If adults want to watch other adults engaging in consensual sex acts they are entitled to do so, we are told.
Savvy producers of heterosexual pornography are also quick to point to a small but growing body of porn that is marketed to couples, or women, in an attempt to persuade us that their industry is "fun", "sexy" and "harmless". Porn, we are told, has gone mainstream.
What is missing from recent public debate, however, is an analysis of the themes that thread through much of today's most sought-after porn.
It is widely accepted that porn is marketed and produced primarily for men, and is about how men - not women - want sex.
Women are commonly portrayed as existing for male sexual pleasure, willing recipients of whatever men love to do to them.
Dr Robert Jensen, an author and respected journalism professor at the University of Texas, has traced growing trends in adult porn. He warns that the content of pornography is "increasingly cruel, degrading and hostile to women".
The appeal to men, he observes, "is the sexualization of male dominance and female subordination".
(Warning: the following material contains graphic detail that might be disturbing to some readers.)
Jensen has researched the content of contemporary mass-marketed pornography in the United States for some years. His initial review of "typical" videos rented by the "typical" customer, provided to him by his local video store, revealed common threads.
Jensen found that many sex scenes involved one woman with groups of men.
Double or triple penetration of the woman was another common feature.
Invariably the woman was subjected to verbal abuse, which Jensen observed progressed through the videos in its "ugliness".
Video covers themselves were misogynistic.
Why is it that porn-using men are turned on by young women being referred to as little bitches or sluts?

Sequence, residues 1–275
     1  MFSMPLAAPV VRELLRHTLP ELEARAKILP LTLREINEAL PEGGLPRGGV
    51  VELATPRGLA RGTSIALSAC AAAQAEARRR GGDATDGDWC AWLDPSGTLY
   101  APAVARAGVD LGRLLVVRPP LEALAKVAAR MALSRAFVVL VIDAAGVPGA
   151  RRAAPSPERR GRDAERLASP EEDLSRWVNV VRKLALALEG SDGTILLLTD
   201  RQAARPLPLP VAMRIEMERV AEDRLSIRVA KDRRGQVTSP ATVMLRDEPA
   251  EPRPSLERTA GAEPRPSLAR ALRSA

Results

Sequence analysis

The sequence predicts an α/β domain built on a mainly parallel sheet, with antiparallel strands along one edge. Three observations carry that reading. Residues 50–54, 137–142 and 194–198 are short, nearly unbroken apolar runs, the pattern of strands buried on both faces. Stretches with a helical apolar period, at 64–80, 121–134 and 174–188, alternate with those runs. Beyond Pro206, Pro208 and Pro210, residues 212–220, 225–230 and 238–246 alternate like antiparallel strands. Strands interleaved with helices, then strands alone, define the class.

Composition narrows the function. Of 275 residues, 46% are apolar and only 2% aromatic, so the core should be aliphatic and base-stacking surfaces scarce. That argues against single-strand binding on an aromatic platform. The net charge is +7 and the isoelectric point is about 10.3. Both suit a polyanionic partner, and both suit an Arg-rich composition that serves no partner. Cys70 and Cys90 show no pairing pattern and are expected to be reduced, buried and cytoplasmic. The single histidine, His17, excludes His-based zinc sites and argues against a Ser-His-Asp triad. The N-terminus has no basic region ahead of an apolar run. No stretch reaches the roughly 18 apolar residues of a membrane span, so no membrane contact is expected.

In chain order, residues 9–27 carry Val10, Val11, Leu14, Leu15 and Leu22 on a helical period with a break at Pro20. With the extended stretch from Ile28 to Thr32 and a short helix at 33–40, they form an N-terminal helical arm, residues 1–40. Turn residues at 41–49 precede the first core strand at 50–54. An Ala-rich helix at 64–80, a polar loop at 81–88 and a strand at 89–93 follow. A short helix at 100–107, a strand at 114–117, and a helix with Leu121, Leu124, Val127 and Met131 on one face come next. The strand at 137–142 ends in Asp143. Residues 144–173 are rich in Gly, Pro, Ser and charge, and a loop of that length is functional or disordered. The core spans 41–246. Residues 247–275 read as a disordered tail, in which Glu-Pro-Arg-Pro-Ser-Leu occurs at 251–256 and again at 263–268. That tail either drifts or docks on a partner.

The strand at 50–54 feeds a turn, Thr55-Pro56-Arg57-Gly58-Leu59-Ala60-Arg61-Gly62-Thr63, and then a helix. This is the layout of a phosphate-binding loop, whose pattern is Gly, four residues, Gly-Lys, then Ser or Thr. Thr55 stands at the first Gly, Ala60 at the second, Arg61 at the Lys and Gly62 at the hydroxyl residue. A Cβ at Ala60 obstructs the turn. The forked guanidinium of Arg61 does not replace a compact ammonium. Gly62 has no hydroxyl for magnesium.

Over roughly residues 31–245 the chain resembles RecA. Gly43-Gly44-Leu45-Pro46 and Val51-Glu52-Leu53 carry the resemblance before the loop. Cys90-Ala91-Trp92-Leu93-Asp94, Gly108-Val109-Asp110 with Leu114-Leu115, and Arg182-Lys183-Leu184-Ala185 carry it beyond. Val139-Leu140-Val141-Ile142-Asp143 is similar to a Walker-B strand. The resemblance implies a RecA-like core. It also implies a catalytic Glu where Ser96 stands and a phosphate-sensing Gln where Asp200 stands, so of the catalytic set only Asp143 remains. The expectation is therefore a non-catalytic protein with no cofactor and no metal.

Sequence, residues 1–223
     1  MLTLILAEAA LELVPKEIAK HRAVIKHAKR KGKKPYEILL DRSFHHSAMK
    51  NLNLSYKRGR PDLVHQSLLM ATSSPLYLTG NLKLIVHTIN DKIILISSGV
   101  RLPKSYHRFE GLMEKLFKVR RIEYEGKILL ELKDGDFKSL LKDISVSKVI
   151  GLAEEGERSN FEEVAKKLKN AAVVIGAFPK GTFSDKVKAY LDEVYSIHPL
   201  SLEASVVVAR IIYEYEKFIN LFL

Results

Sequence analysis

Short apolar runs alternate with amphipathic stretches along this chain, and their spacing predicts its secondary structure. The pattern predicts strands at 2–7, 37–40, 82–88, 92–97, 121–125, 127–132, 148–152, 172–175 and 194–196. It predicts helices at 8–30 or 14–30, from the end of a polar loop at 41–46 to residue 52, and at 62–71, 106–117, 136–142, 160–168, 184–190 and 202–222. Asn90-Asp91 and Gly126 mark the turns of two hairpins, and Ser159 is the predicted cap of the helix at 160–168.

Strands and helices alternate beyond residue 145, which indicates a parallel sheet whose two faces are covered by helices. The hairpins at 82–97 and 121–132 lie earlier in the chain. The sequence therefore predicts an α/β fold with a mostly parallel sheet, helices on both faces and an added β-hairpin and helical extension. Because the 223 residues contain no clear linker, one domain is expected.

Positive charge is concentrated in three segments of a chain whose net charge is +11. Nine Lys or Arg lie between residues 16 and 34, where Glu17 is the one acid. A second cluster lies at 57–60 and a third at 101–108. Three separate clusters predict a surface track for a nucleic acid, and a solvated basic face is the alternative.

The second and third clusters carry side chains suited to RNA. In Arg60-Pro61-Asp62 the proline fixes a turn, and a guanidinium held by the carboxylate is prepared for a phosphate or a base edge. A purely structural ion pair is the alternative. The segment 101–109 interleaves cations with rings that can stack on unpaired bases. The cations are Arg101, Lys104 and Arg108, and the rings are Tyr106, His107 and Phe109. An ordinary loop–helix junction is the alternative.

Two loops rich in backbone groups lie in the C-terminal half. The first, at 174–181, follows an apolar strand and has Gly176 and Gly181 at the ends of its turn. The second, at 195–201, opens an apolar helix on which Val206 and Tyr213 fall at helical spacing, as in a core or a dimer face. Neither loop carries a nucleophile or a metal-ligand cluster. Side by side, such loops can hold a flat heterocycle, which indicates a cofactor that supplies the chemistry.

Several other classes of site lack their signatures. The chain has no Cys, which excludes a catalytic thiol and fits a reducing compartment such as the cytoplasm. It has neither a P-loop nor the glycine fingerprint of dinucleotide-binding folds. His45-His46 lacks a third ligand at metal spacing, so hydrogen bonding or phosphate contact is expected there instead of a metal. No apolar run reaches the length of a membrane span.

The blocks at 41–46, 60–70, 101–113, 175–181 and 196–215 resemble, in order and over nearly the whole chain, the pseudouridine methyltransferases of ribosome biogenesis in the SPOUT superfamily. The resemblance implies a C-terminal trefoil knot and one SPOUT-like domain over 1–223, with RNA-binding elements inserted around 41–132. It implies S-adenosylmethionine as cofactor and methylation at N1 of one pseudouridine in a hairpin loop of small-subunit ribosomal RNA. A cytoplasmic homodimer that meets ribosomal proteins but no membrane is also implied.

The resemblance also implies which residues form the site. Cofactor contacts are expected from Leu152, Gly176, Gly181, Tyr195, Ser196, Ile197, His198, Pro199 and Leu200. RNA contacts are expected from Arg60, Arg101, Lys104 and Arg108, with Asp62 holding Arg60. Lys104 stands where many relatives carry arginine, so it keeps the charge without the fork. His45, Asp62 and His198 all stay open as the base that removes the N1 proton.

Put to one side the argument that pornography is freedom of speech. What does pornography say about its mainly male audience? About men? About masculinity?
Jensen makes a basic and provocative observation: "Masculinity in this culture is in trouble".
Themes of woman-hating and subtle (and sometimes not-so-subtle) violence that saturates most of these "mainstream' videos" are lost to most men whose use of porn comes in short bursts, says Jensen.
This is because most men view porn as a masturbation facilitator, with viewing often ending once ejaculation has been achieved.
Jensen believes pornographers need men to identify with the men in the videos, not to have empathy for the women. He notes that pornography requires that men repress empathy, yet "empathy is part of what makes us human".
Once men ask: "Do women really want to be penetrated by two men at the same time?" the pornographic game is over. Pornography can work only if women remain "less than human".
Pornography is big business. In the United States some 13,000 new porn videos are produced each year, with more than 700 million videos and DVDs rented annually. Last year alone, American consumers, mostly male, spent an estimated US$12 billion ($18.4 billion) on adult porn, an industry that nets around US$60 billion globally.
This does not, of course, include the massive global consumption of free porn of any genre that is accessed online.
Jensen notes that just as we have come to see that racism is a problem of white people, sexual domination is a problem of men.
As a society we need a shift, locally and globally, in the collective male consciousness about sexual dominance. Men need to unpack attitudes, beliefs and behaviours that perpetuate the sexual denigration of women.
If pornography teaches us anything, it is the need to reconsider masculinity, and what it means to be a man.
* Denise Ritchie is a barrister and founder of Stop Demand Foundation, a non-profit organisation that calls for local and global action to stop sexual violence, against children in particular.